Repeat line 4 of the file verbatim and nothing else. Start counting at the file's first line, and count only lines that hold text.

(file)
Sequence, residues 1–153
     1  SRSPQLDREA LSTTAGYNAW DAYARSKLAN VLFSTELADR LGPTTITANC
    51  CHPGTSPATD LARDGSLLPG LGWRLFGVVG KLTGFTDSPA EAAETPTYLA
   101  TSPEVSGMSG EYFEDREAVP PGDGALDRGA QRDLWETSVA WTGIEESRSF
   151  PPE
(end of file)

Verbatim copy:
   101  TSPEVSGMSG EYFEDREAVP PGDGALDRGA QRDLWETSVA WTGIEESRSF